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The Dartmouth
May 21, 2024 | Latest Issue
The Dartmouth

Thayer hosts Lego bash for youngsters

The Dartmouth Area Robotics Tournament brought 16 teams of middle school students together to pit their Lego creations against one another.
The Dartmouth Area Robotics Tournament brought 16 teams of middle school students together to pit their Lego creations against one another.

Amidst a clash of titans Saturday, one rose above the rest: Team Waffles' Lego robot. The robot, constructed exclusively from Legos, was one of the participants competing in the Dartmouth Area Robotics Tournament, hosted by the Thayer School of Engineering in Cummings Hall.

The tournament brought 16 teams of middle school students, all members of the FIRST Lego League of the Upper Valley, together to pit their Lego Mindstorms robot creations against one another. FIRST -- that's "For Inspiration and Recognition of Science and Technology" -- sponsors Lego League tournaments in locations around the world with the goal of teaching children the value of teamwork.

"The overriding theme is gracious professionalism," Beccy Jensen, a coach of the Peacham, Vt. Library team said.

Each team had two-and-a-half minutes to complete as many "missions" as possible. The competition included 14 symbolic missions, each of which was allocated a certain number of points, and all of which were aimed at teaching the participating children the benefits of alternative energy. A popular mission required teams to place a hydropower dam over a river and set up a power grid to convey electricity to the town. Other missions included placing solar panels on a house, planting trees and drilling for oil -- with requisite penalties for any barrels touching water or property.

At the end of the day, Team Waffles, which accrued the most total points, emerged victorious.

Amidst the fun of Saturday's competition lay a more serious, educational note. In order to fulfill FIRST requirements, teams had to perform a research project before participating in the competition. Each team audited a local building's energy usage, analyzed potential alternative sources of energy and then talked with experts in the appropriate fields.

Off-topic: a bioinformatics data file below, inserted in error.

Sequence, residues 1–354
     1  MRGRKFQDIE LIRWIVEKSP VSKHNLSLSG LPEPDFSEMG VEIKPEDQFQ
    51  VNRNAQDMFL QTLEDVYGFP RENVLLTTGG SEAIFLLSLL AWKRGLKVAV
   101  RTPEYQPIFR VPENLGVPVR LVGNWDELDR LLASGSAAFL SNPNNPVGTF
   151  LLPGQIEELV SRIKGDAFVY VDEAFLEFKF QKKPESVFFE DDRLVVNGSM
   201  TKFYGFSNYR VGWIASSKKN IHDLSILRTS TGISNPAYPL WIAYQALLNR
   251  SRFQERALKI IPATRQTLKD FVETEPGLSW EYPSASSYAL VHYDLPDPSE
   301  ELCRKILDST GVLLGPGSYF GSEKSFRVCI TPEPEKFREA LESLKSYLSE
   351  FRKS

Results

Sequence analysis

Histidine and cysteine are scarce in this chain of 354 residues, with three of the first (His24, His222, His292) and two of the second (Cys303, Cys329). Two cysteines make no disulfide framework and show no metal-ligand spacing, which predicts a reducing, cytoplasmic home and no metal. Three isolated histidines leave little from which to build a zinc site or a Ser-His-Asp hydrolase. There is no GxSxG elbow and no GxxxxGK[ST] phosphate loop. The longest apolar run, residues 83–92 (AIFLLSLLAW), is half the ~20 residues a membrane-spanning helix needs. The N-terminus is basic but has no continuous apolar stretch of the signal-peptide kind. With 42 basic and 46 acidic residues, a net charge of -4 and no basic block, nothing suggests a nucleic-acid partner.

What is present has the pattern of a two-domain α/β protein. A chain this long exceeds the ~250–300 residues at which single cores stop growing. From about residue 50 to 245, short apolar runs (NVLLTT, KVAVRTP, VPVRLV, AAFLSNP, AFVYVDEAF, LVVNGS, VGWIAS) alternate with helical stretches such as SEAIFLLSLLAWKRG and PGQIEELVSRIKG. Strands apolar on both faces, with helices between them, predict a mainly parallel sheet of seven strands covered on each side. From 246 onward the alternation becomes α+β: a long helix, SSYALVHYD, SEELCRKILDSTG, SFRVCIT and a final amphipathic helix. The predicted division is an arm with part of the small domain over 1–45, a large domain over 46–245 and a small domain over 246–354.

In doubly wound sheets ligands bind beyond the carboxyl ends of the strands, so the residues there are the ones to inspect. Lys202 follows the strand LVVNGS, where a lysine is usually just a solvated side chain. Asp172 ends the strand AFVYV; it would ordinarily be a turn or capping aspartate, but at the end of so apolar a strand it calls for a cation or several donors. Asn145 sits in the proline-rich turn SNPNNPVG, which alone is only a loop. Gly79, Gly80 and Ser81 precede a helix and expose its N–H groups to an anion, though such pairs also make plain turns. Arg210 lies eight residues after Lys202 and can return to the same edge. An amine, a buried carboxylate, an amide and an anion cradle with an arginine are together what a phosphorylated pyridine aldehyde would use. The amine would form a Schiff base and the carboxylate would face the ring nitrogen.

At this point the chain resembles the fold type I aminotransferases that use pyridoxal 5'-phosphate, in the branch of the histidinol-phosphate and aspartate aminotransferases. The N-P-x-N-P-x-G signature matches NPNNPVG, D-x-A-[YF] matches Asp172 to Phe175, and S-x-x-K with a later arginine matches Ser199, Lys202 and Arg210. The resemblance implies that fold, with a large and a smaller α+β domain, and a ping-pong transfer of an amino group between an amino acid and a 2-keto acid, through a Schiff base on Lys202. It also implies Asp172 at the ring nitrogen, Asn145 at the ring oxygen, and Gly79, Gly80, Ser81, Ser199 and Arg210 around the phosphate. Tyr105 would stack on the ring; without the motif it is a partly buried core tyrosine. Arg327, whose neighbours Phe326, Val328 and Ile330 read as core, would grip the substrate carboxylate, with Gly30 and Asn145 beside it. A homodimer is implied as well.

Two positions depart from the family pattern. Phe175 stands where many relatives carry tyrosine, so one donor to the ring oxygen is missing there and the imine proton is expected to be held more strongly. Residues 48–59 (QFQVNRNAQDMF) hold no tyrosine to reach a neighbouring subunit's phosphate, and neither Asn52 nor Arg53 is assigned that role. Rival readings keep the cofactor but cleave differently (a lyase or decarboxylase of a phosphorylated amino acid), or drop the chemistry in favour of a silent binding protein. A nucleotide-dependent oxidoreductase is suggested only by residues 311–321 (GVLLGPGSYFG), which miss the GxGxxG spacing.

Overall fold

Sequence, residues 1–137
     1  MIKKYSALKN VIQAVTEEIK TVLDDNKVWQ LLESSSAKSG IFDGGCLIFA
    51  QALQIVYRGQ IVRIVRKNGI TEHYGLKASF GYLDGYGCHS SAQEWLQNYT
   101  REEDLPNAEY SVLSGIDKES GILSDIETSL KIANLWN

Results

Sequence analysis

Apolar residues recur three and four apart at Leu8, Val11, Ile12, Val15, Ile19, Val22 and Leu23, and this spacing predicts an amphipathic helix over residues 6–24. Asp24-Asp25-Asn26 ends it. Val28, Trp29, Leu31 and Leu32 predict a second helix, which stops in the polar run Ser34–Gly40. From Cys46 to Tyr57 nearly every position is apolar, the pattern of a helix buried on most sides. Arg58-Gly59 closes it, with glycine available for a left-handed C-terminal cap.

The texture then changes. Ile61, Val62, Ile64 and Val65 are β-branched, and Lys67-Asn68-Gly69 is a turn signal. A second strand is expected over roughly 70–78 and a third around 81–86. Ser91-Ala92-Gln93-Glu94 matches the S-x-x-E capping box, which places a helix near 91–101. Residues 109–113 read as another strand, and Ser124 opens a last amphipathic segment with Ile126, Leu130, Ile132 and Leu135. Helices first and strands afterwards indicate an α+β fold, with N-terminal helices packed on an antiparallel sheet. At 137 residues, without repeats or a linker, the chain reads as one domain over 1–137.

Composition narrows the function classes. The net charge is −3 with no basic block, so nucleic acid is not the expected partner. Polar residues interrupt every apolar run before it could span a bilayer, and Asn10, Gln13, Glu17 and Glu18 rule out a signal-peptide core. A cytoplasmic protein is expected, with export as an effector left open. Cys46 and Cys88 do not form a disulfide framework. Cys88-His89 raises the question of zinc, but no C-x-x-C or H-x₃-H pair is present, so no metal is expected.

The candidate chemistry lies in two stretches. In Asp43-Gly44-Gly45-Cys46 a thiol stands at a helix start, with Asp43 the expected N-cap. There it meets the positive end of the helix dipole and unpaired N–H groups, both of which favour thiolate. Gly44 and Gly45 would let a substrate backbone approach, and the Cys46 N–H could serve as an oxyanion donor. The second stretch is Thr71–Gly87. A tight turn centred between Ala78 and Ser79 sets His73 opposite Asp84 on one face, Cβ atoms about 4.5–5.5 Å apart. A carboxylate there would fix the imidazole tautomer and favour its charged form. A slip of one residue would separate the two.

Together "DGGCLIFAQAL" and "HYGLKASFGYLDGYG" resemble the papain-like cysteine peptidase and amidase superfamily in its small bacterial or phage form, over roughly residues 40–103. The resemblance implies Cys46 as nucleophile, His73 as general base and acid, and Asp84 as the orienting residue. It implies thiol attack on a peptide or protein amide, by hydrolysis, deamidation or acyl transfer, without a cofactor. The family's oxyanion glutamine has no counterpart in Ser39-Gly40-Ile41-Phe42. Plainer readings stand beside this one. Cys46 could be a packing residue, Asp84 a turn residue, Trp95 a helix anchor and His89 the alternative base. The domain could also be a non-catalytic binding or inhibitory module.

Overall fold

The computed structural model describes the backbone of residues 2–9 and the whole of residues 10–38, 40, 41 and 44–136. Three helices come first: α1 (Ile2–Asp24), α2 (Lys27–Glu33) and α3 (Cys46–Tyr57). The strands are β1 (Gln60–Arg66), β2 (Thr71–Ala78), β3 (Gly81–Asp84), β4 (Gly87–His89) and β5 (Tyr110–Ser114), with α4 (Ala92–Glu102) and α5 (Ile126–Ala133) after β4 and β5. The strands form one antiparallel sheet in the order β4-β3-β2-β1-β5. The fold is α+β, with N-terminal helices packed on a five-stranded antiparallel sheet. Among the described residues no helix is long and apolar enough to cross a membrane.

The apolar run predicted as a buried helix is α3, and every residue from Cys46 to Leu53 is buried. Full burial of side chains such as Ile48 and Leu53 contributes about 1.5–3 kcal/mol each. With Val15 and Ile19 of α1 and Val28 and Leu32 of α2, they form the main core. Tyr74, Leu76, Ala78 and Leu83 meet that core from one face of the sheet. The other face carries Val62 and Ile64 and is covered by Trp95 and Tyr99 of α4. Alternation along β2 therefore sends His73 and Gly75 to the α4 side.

During the competition, several vendors had small tables set up in Thayer's main hall to advertise their products. SimpleEnergy, whose motto is "Friendly Hometown Heating Oil," displayed their BioHeat oil, a combination of 20-percent soybean-derived biodiesel and 80 percent conventional oil. GroSolar had a portion of one of their solar panels on display.

"You guys are looking at your future in just a few years," Dave Hopabank, an organizer of the event, told the gathered children.

His statement need not apply just to alternative energy; it can apply equally to the field of robotics. There are striking parallels between "real" robots and the devices built with Lego's Mindstorms robotics kits. Construction of a Lego robot begins with a computer that serves as the brains of the robot. Robots can be built from just about any piece from the Lego catalog, with special help from instrumentation taken from the world of robotics -- servo motors, as well as touch, ultrasonic, light and sound sensors. Programming of the robot is done through a drag and drop interface that teaches the basics of coding without the necessity of wading through difficult-to-remember syntaxes, Jensen said.

The tournament encouraged the student to think like resourceful engineers: during a presentation of the Upper Valley FIRST high school robotics team, a student mentioned that duct tape was not allowed in the high school competition. A unanimous outcry of "what?" emerged from the assembled middle school students.